In order to entice international tourists back to Australia in 2022, Tourism Australia has developed a $40 million global campaign.
Since before the COVID pandemic and the 2020 bushfire crisis, it’s the first large-scale worldwide campaign that the government tourist agency has been able to create and operate.
“Don’t Go Small” is the name of the new campaign. From 14 February, a 30-second ad titled “Go Australia” will be broadcast across worldwide markets including Germany, France, Italy, the United States, and the United Kingdom.
It comes after Prime Minister Scott Morrison announced earlier this week that Australia’s international borders will reopen on February 21 to fully vaccinated travellers.
The 30-second TV commercial showcases a montage of iconic Australian landscapes, including The Great Barrier Reef, Sydney Harbour, and Uluru, and invites visitors from around the world to “come and say g’day.”
Advertisements in print, digital, and social media are also part of the campaign.
Tourism Australia has been planning to boost up its worldwide marketing efforts since the border reopening was announced, according to Minister for Trade, Tourism and Investment Dan Tehan.
“The world has been waiting two years to get Down Under for a holiday and our latest ad campaign will remind them of what they’ve been missing,” Tehan said.
“After COVID-19, the world is looking forward to taking a holiday and we want that holiday to be in Australia.
“This new campaign is just the first step in a long-term strategy to restart tourism to Australia, with further investment in tourism marketing campaigns internationally to come in the second half of the year.”
Tourism Australia managing director Phillipa Harrison said the campaign is about “reminding travellers whether they are dreaming of discovery or looking for relaxation – Australia is the perfect destination for an epic adventure”.
“Australia has amazing icons which we are known and loved for around the world such as the Great Barrier Reef, the awe-inspiring Uluru and the Sydney Harbour Bridge, and now is the time to remind the world of these things as well as showcase a number of our less known but equally spectacular experiences and destinations,” Harrison said.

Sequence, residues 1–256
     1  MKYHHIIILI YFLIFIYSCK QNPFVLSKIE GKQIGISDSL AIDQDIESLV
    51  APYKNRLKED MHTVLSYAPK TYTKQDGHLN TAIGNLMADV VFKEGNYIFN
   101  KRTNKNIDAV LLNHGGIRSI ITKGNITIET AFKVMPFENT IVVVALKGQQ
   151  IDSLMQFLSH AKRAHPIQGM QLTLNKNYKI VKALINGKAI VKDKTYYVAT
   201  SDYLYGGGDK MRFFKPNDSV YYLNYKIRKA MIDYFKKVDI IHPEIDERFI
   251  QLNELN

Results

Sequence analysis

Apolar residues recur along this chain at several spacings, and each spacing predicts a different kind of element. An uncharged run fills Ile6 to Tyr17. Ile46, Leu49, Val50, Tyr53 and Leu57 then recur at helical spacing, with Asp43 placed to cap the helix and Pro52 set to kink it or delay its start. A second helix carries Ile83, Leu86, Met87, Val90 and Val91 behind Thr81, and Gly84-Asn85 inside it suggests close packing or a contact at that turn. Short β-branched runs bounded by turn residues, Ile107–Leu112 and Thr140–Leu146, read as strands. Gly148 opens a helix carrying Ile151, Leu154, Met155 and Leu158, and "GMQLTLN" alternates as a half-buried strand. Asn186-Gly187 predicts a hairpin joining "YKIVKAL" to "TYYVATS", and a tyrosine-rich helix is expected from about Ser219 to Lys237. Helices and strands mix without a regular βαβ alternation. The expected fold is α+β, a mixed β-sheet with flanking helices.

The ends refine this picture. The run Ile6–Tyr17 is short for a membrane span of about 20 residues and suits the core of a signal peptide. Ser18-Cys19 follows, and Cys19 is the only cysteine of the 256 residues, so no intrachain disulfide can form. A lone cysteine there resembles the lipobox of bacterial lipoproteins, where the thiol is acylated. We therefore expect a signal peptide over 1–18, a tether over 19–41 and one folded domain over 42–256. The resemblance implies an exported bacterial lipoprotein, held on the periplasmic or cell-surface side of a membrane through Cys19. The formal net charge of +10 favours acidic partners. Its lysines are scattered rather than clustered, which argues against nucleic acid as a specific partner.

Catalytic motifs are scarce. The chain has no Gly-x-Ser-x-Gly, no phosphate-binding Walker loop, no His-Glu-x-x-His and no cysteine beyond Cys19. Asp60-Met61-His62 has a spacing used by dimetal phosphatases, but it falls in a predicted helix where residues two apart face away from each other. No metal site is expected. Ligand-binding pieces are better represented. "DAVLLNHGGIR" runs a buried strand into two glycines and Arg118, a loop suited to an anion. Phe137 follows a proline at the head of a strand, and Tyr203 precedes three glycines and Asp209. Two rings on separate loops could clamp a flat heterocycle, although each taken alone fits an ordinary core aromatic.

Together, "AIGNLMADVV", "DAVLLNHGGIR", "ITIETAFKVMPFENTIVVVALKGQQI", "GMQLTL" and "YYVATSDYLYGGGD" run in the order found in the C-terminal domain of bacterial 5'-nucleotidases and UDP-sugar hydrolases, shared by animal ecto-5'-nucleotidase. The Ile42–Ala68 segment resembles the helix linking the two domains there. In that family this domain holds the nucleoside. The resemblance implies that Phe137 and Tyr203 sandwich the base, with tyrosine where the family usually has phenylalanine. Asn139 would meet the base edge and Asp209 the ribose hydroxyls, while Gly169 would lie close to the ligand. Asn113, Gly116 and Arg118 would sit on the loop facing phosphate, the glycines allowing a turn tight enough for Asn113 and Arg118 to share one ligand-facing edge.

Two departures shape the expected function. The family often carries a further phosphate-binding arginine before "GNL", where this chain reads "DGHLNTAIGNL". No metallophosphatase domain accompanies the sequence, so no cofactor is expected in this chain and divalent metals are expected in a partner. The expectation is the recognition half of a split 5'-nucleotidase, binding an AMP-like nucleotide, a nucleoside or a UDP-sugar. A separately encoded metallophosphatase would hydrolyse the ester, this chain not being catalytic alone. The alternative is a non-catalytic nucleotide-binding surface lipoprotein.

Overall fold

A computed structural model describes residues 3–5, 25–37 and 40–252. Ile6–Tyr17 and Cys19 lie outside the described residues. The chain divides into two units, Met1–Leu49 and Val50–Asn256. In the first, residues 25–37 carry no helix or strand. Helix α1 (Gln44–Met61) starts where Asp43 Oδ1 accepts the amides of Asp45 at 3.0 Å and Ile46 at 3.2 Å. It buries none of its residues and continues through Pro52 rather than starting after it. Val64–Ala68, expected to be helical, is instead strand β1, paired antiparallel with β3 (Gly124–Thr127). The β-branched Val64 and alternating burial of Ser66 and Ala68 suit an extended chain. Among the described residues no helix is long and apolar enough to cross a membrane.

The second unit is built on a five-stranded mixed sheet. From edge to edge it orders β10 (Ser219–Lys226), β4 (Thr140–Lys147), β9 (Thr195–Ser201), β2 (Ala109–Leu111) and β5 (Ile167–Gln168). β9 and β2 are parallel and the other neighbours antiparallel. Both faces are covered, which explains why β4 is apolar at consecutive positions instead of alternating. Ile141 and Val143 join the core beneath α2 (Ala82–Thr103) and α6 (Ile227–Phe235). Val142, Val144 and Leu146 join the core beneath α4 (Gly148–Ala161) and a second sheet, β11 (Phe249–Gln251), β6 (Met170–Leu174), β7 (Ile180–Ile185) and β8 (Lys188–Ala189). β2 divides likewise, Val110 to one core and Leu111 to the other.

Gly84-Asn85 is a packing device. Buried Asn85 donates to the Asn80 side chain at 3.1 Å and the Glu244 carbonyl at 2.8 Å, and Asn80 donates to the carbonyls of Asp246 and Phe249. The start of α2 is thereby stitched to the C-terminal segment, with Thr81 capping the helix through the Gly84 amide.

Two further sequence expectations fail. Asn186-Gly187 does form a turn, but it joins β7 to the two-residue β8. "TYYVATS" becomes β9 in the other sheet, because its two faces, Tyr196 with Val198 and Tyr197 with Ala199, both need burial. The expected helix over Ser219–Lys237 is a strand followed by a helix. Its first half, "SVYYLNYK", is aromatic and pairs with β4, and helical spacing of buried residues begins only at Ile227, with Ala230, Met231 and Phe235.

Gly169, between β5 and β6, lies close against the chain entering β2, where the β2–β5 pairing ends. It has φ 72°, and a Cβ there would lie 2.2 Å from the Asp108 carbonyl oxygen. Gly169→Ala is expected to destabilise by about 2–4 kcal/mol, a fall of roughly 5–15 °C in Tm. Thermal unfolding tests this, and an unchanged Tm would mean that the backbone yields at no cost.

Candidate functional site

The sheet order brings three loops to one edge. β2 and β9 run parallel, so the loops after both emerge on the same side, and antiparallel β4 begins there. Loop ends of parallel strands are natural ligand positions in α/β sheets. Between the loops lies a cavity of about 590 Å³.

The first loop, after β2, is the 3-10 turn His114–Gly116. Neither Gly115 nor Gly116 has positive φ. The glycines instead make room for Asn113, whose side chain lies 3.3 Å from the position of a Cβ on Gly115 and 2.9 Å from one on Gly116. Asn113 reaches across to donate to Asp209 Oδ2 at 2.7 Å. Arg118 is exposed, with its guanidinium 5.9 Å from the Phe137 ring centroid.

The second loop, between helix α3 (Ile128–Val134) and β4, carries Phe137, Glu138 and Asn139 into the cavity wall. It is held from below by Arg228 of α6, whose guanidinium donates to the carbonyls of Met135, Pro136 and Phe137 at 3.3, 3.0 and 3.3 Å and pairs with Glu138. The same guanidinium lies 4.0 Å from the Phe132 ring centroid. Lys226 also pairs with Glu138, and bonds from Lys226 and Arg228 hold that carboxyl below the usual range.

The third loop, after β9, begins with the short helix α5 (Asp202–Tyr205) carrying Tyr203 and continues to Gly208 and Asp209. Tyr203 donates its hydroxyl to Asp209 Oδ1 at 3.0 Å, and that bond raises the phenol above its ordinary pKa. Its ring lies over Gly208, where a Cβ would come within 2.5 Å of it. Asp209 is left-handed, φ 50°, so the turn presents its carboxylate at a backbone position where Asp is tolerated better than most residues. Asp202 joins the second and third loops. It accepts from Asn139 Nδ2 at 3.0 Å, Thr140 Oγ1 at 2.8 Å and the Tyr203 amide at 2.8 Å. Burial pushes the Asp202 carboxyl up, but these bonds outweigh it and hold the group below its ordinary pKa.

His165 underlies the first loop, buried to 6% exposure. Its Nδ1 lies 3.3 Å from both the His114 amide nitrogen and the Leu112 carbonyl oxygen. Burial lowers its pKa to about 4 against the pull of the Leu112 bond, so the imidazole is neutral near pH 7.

“There are also plenty of new products that have launched over the past two years waiting for travellers, meaning there is something new for everyone here in Australia, even those who have visited before, so we’re asking people around the world to come and say g’day.”
The “Don’t Go Small. Go Australia” international campaign, according to Tourism Australia’s chief marketing officer Susan Coghill, is aimed at encouraging tourists to not just plan a holiday to Australia, but to fill their calendar with everything the country has to offer.
“The new campaign shows travellers what they’ve been missing in Australia – the vast landscapes, our world-famous icons and the epic adventures. We are inviting travellers across the world to think big and say g’day to the holiday they’ve been waiting for,” Coghill said.
“We have chosen locations and activities to reflect the wide diversity of tourism experiences Australia has to offer. We also considered the popular destinations and cities which have been impacted the most by the pandemic and put them in the spotlight.”
It comes as airlines prepare to expand their Australian operations ahead of the removal of the last border restrictions.
Emirates, based in Dubai, has announced that it will increase capacity on its Dubai-Sydney route to two return services per day on its iconic Airbus A380 aircraft beginning March 1, while British Airways has stated that its Sydney-London route will resume on March 29.
Meanwhile, Qantas will resume service on the Sydney-Dallas Fort Worth route as QF7, with the return leg as QF8, both using Boeing 787-9 Dreamliner aircraft.
Then, starting on March 27, Qantas will restart its Brisbane-Singapore, Sydney-Manila, and Sydney-Jakarta routes, followed by Sydney-Denpasar (Bali) flights the following day, as previously announced.
From April 1, Qantas plans to resume daily flights between Brisbane and Los Angeles on its Airbus A330 aircraft.
Within one day after the Prime Minister’s border statement, bookings for inbound flights to Australia doubled, according to Qantas Domestic and International CEO Andrew David.
“Bookings are strongest out of the US and UK, and we’ve also seen spikes from South Africa, India and Canada, with March, April and May the most popular months for travel,” he said.
“This shows how much people want to come to Australia.”